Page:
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There may only be one human immune system but there are a great many ways to support our inbuilt defences that protect us from illness.
From lifestyle changes to carefully made food choices we can improve our chances of maintaining immunity and strengthening our natural protections.
And while those barriers may peak at puberty, our immune system can still be supported as we age. Luckily, there are three elements to our immunity. The first is natural, where the body recognises and attacks germs while the skin blocks harmful elements from entering.
The second, adaptive immunity, develops over time as we are exposed to disease and when we are vaccinated against certain strains of illness.
The final type is passive, where immunity is temporarily improved, for example when a mother’s milk gives her baby short-term immunity from any diseases she may have been exposed to.
Inevitably our immunity noticeably declines at around age 60 and it is for this reason that the cold and flu season each winter is a particularly worrying time for older people.
However, the stronger your immune system, the more able you are to fight off illness. Research has shown that good food choices are a useful way of strengthening our invisible suit of armour.
British Heart Foundation dietician Victoria Taylor explains that the body needs a combination of key nutrients and that “the nutrients that keep our immune system working well include vitamins A, B6, B12, C and D as well as copper, folate, iron, selenium and zinc”.
She adds that we must “focus on getting these nutrients from a healthy, varied diet including fruits and vegetables, nuts and seeds, wholegrains, dairy products or fortified alternatives, and meat, fish or plant proteins like pulses.”
In the fight for variety goji berries are packed with antioxidants and have been used in traditional medicine for thousands of years. Native to Asia they are a great source of fibre, vitamin A and vitamin C. That is as well as being high in iron which is vital for carrying oxygen around the body and producing healthy red blood cells. They are also sweet and delicious.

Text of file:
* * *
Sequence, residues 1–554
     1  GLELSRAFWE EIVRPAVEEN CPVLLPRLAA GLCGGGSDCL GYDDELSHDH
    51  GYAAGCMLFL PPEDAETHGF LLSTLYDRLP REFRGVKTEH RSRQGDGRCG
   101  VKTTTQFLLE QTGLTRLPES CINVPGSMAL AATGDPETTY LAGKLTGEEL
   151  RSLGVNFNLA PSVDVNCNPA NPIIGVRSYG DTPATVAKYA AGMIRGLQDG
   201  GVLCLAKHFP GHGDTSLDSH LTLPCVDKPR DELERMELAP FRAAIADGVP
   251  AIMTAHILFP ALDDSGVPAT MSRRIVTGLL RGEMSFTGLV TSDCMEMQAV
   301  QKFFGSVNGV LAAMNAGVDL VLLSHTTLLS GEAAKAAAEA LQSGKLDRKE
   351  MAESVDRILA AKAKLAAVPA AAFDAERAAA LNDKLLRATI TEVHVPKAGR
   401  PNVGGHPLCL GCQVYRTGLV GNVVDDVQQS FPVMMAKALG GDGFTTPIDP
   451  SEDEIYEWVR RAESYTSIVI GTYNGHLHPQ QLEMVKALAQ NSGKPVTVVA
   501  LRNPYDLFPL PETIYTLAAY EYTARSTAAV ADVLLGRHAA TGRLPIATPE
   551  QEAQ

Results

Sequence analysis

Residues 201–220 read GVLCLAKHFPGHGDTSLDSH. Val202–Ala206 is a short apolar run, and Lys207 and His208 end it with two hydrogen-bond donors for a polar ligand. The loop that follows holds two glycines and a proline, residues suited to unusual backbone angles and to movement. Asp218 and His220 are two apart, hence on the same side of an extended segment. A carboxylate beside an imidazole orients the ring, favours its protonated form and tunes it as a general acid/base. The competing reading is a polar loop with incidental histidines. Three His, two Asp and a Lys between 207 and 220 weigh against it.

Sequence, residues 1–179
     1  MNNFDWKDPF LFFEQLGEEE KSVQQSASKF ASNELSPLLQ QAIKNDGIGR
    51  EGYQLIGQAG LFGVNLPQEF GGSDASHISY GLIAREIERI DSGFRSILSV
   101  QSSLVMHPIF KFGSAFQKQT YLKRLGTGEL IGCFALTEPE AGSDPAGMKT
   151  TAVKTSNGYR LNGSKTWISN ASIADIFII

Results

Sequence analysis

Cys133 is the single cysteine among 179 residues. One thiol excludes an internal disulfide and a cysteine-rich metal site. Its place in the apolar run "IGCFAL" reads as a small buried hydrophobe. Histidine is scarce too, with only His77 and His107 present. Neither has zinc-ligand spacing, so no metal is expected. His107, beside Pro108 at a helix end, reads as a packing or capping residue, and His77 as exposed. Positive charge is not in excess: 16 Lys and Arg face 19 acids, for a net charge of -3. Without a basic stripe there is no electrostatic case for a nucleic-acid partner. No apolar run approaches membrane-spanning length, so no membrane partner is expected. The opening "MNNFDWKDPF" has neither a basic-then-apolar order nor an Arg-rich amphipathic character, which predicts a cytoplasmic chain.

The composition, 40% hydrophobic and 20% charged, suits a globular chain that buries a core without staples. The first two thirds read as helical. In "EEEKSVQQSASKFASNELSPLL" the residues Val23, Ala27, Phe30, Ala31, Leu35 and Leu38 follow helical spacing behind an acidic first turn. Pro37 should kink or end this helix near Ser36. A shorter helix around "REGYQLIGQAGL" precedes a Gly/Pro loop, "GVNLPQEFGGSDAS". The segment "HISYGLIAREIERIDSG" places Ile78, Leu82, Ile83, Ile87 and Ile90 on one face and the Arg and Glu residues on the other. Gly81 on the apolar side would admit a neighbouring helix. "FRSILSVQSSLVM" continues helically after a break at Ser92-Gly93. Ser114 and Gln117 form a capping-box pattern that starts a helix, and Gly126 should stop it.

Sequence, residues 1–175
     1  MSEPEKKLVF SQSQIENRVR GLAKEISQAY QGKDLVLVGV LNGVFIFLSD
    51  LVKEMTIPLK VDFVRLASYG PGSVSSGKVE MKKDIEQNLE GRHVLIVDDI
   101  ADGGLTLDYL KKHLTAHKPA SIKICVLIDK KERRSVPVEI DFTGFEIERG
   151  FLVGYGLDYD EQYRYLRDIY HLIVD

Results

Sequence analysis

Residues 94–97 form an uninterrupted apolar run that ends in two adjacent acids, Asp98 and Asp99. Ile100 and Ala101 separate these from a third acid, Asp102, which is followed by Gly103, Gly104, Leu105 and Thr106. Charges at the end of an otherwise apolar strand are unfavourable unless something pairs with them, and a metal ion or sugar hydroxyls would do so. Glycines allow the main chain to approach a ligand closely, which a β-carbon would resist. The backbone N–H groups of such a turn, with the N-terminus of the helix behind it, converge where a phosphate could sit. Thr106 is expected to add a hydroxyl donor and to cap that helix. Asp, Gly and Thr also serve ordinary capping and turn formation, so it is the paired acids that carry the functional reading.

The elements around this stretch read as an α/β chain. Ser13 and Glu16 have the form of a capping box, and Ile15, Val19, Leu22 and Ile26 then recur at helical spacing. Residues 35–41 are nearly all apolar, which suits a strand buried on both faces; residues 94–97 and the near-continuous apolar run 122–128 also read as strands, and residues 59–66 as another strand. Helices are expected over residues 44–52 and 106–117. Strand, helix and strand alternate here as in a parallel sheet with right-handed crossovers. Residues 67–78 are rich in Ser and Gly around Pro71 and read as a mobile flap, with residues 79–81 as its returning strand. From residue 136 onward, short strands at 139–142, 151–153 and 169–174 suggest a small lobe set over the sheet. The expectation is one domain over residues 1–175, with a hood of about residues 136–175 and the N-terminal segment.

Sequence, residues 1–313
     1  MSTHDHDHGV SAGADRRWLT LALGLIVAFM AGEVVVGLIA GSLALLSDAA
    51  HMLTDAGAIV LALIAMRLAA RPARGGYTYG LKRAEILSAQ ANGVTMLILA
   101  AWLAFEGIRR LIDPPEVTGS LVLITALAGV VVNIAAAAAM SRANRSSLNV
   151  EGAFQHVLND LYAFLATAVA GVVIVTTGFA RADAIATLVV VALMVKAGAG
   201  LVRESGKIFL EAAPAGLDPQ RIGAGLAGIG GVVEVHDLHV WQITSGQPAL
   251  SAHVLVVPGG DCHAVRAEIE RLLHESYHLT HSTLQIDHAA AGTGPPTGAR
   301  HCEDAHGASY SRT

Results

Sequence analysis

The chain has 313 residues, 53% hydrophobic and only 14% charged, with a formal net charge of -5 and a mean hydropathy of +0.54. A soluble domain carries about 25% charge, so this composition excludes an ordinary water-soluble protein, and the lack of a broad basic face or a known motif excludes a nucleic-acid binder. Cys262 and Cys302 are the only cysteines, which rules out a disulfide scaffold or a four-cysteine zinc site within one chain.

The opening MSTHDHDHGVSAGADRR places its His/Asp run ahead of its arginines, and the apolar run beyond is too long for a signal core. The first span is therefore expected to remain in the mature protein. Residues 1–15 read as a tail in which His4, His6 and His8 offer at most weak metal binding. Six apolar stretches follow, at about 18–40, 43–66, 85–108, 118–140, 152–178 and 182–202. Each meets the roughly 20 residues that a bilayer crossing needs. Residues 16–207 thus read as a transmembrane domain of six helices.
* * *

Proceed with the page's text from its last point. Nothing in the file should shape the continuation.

Nuts in all their guises also come packed with a plethora of health-giving properties. Not for nothing have researchers at the University of Michigan discovered that eating a handful of nuts each day could help you gain 26 minutes of healthy life. In contrast a hotdog could cost you 36 minutes.
In a nutshell, nuts should form part of a balanced and nutrient-rich diet.
Seeds are a great source of fibre while also loaded with vitamins, minerals and antioxidants which, acting in concert, can the assist immune system. When added as sprinkles to oats and breakfasts, seeds can boost the nutrient quotient far beyond their tiny size. And when eaten daily as part of a healthy diet they can also contribute to reducing blood pressure and cholesterol.
More recently fermented foods such as kimchi, tempeh, kombucha and miso have been identified as having a beneficial impact on our ability to fend off illness. Because these foods are fermented and contain gut-loving probiotics, they are known to help regulate the immune system as well as fight inflammation. Load into the equation the centuries old belief, now backed by science, that spices have hidden health-giving properties and there is enough evidence to suggest that by taking some dietary action we can improve our chances of a better protective suit of immunity armour.
What the NHS says:
The NHS offers a vast range of trusted medical information at nhs.co.uk. The EAT WELL section outlines what you need to know about eating a healthy, balanced diet with guidance on food types, labelling, digestive health, supplements and balancing your diet for optimum health.
There are other ways to ensure your immune system is kept in good shape.
Medics advise a balanced and healthy approach to diet and exercise, as this has been shown to also help our immune systems.
Where possible five sessions of exercise each week, lasting around 30 minutes, will deliver considerable health benefits.
Along with not smoking and managing stress, lowering alcohol intake is high on the list of ways to try to keep yourself well.
Alcohol is a depressant. It has far-reaching effects on the body and should be taken in moderation.
In addition, a healthy sleep pattern, a good hand washing regime and ensuring you maintain a healthy weight are all important.
Finally, keeping up to date with vaccinations can support our immune response.